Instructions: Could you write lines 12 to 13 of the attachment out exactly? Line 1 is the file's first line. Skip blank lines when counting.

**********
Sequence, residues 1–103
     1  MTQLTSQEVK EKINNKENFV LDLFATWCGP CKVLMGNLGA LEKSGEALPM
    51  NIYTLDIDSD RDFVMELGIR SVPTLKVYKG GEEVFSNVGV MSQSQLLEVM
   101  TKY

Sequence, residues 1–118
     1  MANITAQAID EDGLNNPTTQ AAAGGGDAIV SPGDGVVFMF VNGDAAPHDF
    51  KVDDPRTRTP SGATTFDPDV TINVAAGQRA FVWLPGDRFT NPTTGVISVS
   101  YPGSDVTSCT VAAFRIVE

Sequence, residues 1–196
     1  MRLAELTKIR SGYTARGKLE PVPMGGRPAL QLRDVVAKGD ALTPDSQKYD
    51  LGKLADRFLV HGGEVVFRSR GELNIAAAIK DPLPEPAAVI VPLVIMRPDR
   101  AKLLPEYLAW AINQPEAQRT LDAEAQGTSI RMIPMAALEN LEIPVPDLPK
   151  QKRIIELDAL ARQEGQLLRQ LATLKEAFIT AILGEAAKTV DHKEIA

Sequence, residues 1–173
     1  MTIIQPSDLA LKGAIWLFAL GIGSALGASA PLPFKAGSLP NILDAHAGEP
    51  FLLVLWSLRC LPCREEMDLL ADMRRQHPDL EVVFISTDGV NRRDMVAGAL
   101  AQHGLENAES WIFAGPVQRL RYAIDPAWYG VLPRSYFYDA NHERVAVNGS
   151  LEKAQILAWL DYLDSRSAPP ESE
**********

   101  AKLLPEYLAW AINQPEAQRT LDAEAQGTSI RMIPMAALEN LEIPVPDLPK
   151  QKRIIELDAL ARQEGQLLRQ LATLKEAFIT AILGEAAKTV DHKEIA